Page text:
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New Study Shows People Select Co-Workers Who Look Like Them

Birds of a feather flock together, right?

According to a new study analyzed by Innovisor, a management consulting firm in Copenhagen, apparently men and women choose work partners who look like themselves!

As reported by The Wall Street Journal, men and women are more likely to select someone to work with on a daily basis with the same gender. In the study itself, participants indicated they work with an average of eight people on a daily basis. As for the gender make-up, it’s weighed heavily on their own gender. It sounds like the survey was conducted for middle management since high level supervisors who were male were tossed from the survey due to influence of power, not peers.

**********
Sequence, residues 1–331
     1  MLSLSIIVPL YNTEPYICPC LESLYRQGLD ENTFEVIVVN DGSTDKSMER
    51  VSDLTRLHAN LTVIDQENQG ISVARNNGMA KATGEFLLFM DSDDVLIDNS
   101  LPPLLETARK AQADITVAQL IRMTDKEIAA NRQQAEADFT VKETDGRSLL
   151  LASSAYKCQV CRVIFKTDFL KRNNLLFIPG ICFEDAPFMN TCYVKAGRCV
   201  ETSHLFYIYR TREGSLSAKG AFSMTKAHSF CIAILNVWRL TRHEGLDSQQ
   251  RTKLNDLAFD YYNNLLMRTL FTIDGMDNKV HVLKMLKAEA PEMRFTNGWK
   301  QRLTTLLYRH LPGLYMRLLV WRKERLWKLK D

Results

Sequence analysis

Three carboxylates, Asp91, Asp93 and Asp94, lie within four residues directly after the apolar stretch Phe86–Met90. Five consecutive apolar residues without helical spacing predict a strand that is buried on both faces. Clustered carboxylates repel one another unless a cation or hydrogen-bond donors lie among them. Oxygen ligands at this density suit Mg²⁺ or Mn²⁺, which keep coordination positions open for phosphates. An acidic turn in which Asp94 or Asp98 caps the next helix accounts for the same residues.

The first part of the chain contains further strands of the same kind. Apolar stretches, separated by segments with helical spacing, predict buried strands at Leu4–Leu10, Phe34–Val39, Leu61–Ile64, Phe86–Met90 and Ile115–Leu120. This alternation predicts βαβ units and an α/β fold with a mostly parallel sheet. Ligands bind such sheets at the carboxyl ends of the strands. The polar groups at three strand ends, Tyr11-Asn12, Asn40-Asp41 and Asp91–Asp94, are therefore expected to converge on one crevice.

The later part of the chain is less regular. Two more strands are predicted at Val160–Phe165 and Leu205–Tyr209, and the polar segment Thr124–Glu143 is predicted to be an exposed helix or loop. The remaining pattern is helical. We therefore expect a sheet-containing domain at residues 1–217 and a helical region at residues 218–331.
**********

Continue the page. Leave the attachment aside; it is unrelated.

Jeppe Hansgaard, an Innovisor managing partner, stated to the WSJ, “We prefer to collaborate with people who look just like us. That’s a management issue, because you want your employees to collaborate with the right people, not just people who look like them.”

Gender bias wasn’t specific to Denmark. In fact, it existed in 29 countries involved in the study! This includes the U.S., U.K., Australia, China, India, and Brazil. Since it sounds like the study was conducted for gender only, additional research would be needed to break it down by ethnicity and religion. That said, Hansgaard indicated anecdotal evidence could lean one to believe biases may exist on those realms as well.

As for next steps now that the results are known? According to the piece, companies need to manage their collaboration efforts among teams since currently they go unnoticed as they’re formed informally.

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